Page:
The X-Detected-Sample notification header is the malicious ULR or the hash of the malicious attachment, and may also be taken from the Mail Attachment security information of the compromised email. The X-Detected-Sample notification header allows the private MTA 210 or other computer to identify and block incoming emails with the same malicious attachment or malicious URL. The X-Detected-Sample notification header also allows other security computers to inspect other emails for the same attachment or malicious URL.

The X-Last-Normal-SourceIP and X-Last-Normal-EdgeIP notification headers may be taken from the Source IP and Edge IP security information of the compromised email. The X-Last-Normal-SourceIP and X-Last-Normal-EdgeIP notification headers allow the private MTA 210 or other computer to identify public MTAs that always send malicious emails. Because some malicious public MTAs do not perform malicious actions at all times, these malicious public MTAs may otherwise be difficult to detect. The private MTA 210 may block emails coming from public MTAs that have forwarded a threshold number of malicious emails.

The email inspection system 204 forwards the notification email 320 to the recipient in the private computer network 200. In the example of FIG. 4, the notification email 320 is received by the private MTA 210 (step 310). The private MTA 210 identifies the compromised emails from the SMTP notification headers 321 of the notification email 320, and performs a response action against the compromised emails. For example, the private MTA 210 may delete compromised emails that are still on the private MTA 210. The private MTA 210 forwards the notification email 220 to recipients of the compromised emails (step 311). This advantageously allows the recipients of the compromised emails to delete or perform other response action against the compromised email. In situations where the recipient of a compromised email has forwarded the email to other users, the recipient may forward the notification email to those users so they can also delete or perform other response action against the compromised email.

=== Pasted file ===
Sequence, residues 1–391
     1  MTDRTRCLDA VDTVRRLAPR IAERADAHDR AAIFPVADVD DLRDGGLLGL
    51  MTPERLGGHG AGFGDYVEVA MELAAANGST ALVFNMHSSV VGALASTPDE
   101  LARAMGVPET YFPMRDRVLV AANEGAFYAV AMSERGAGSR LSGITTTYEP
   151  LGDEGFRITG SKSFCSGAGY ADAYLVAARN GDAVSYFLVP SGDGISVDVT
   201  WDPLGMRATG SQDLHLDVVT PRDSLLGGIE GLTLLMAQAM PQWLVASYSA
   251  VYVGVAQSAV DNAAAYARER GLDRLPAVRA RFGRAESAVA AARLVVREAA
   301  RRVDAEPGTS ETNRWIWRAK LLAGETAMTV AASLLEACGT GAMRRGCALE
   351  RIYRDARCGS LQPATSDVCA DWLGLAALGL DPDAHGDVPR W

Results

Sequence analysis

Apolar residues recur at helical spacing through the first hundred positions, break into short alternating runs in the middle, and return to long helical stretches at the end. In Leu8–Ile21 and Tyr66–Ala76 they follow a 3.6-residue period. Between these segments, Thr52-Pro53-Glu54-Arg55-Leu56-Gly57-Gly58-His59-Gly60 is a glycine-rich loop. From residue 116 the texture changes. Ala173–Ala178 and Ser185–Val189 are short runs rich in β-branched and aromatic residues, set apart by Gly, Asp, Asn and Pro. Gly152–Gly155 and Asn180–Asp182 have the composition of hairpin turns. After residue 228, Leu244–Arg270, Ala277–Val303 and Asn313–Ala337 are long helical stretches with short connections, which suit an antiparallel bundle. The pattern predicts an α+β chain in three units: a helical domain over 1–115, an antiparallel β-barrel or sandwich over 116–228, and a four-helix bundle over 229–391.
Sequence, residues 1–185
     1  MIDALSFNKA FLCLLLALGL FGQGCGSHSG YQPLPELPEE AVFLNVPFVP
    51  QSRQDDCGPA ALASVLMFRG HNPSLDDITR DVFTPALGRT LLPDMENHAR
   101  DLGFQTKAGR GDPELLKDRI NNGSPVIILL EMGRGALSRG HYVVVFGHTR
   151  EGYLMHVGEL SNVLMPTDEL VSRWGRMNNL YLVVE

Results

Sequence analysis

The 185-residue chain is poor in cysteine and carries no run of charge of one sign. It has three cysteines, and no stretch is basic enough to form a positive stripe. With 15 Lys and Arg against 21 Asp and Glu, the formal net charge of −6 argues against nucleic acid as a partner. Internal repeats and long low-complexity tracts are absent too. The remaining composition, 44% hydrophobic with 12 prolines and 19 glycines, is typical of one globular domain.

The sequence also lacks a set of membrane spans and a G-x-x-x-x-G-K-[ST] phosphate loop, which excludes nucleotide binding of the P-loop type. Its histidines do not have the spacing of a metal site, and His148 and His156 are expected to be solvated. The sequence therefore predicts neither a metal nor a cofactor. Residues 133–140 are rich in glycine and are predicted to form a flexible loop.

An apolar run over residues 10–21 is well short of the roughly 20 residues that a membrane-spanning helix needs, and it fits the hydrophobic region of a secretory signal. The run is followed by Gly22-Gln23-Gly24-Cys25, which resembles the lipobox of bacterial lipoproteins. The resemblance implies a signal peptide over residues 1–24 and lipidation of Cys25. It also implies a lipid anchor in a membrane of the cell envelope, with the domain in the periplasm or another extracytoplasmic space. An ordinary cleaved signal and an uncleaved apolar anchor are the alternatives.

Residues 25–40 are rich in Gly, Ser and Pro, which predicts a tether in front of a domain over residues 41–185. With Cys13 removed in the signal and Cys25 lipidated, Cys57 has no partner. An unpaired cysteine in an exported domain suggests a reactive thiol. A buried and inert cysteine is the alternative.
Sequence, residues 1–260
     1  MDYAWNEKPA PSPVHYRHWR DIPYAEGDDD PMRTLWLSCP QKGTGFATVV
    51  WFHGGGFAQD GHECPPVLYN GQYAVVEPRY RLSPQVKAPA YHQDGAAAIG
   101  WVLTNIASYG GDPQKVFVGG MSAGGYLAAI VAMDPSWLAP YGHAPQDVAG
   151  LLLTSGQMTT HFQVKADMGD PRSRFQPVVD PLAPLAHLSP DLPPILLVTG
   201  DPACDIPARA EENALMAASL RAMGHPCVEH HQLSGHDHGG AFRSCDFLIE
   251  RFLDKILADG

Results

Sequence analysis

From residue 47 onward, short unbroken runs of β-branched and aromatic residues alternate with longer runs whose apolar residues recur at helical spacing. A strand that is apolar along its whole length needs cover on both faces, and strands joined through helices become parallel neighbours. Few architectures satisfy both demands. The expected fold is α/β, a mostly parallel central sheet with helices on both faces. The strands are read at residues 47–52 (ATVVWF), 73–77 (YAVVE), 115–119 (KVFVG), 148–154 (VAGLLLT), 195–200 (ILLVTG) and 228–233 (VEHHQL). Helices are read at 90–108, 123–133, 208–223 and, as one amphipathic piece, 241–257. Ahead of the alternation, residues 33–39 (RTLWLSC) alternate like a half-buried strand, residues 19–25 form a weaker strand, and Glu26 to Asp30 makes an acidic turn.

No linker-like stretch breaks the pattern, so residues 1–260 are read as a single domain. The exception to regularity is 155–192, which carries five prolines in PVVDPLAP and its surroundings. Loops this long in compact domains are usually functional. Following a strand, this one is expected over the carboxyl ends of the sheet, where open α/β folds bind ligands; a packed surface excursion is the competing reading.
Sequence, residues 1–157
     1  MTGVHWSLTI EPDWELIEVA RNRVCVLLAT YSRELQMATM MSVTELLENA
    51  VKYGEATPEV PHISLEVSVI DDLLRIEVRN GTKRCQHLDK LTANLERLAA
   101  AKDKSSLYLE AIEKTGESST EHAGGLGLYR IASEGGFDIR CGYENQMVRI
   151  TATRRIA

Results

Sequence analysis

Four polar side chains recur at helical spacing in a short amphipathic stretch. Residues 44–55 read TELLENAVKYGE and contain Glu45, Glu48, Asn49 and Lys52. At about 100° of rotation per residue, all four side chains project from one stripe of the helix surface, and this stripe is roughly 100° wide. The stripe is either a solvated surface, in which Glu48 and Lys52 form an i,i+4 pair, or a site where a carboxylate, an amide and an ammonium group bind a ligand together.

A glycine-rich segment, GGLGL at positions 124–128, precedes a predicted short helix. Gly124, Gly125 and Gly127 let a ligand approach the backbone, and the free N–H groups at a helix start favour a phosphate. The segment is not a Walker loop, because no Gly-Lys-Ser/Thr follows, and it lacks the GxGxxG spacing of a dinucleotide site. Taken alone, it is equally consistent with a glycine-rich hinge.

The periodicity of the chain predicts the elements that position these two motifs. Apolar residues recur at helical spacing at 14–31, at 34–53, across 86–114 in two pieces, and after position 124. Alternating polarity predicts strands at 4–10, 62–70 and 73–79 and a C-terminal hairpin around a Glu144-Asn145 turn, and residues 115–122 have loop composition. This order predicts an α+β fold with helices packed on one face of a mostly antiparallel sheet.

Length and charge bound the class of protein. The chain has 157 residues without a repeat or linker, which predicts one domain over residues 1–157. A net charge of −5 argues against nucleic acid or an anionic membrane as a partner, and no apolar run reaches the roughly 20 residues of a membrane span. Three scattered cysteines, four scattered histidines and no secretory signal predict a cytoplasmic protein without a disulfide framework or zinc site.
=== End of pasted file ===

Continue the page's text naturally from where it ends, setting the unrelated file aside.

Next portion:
Systems and methods for inspecting emails for malicious content have been disclosed. While specific embodiments of the present invention have been provided, it is to be understood that these embodiments are for illustration purposes and not limiting. Many additional embodiments will be apparent to persons of ordinary skill in the art reading this disclosure.

Claims

1. A computer-implemented method comprising:

receiving a first email;
inspecting the first email for malicious content;
in response to not detecting malicious content in the first email, recording security information of the first email, the security information comprising an indication that the first email has passed the inspection for malicious content, an address of a recipient of the first email, and an identifier of a content of the first email;
after the first email has passed the inspection for malicious content, forwarding the first email to the recipient of the first email;
receiving a second email after receiving the first email;
inspecting the second email for malicious content;
detecting that the second email has malicious content;
from the recorded security information of the first email, identifying the first email as having previously passed inspection for malicious content but has a same malicious content as the second email; and
after the first email has been forwarded to the recipient and in response to detecting that the first email has the same malicious content as the second email, sending out over a computer network a notification email to the recipient that the first email is a malicious email.

2. The computer-implemented method of claim 1, wherein the first email has been forwarded through a plurality of public Mail Transfer Agents (MTAs), and wherein sending the notification email to the recipient comprises inserting a first Simple Mail Transfer Protocol (SMTP) header in the notification email, the first SMTP header identifying a first public MTA that first received the first email on the Internet.

3. The computer-implemented method of claim 2, wherein sending the notification email to the recipient comprises inserting a second SMTP header in the notification email, the second SMTP header identifying a last public MTA that last received the first email on the Internet.